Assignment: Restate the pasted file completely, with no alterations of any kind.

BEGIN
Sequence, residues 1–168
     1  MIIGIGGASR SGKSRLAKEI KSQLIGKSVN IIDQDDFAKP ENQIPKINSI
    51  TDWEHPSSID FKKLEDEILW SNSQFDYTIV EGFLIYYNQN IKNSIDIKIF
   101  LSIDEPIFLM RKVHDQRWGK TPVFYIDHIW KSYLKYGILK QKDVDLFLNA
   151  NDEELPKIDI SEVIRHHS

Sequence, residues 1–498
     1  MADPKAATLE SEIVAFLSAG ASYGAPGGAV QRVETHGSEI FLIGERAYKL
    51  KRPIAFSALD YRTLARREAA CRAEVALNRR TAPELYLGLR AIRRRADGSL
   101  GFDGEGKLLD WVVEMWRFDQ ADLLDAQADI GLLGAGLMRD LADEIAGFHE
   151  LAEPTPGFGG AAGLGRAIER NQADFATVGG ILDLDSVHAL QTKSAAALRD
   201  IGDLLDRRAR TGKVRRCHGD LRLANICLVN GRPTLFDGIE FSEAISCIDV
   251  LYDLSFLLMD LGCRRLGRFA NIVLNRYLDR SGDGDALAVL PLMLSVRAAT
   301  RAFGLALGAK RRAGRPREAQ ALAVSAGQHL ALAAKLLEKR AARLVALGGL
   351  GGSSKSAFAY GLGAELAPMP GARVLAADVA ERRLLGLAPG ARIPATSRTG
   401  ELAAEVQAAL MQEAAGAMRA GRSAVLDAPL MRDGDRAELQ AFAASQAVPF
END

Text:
Sequence, residues 1–168
     1  MIIGIGGASR SGKSRLAKEI KSQLIGKSVN IIDQDDFAKP ENQIPKINSI
    51  TDWEHPSSID FKKLEDEILW SNSQFDYTIV EGFLIYYNQN IKNSIDIKIF
   101  LSIDEPIFLM RKVHDQRWGK TPVFYIDHIW KSYLKYGILK QKDVDLFLNA
   151  NDEELPKIDI SEVIRHHS

Sequence, residues 1–498
     1  MADPKAATLE SEIVAFLSAG ASYGAPGGAV QRVETHGSEI FLIGERAYKL
    51  KRPIAFSALD YRTLARREAA CRAEVALNRR TAPELYLGLR AIRRRADGSL
   101  GFDGEGKLLD WVVEMWRFDQ ADLLDAQADI GLLGAGLMRD LADEIAGFHE
   151  LAEPTPGFGG AAGLGRAIER NQADFATVGG ILDLDSVHAL QTKSAAALRD
   201  IGDLLDRRAR TGKVRRCHGD LRLANICLVN GRPTLFDGIE FSEAISCIDV
   251  LYDLSFLLMD LGCRRLGRFA NIVLNRYLDR SGDGDALAVL PLMLSVRAAT
   301  RAFGLALGAK RRAGRPREAQ ALAVSAGQHL ALAAKLLEKR AARLVALGGL
   351  GGSSKSAFAY GLGAELAPMP GARVLAADVA ERRLLGLAPG ARIPATSRTG
   401  ELAAEVQAAL MQEAAGAMRA GRSAVLDAPL MRDGDRAELQ AFAASQAVPF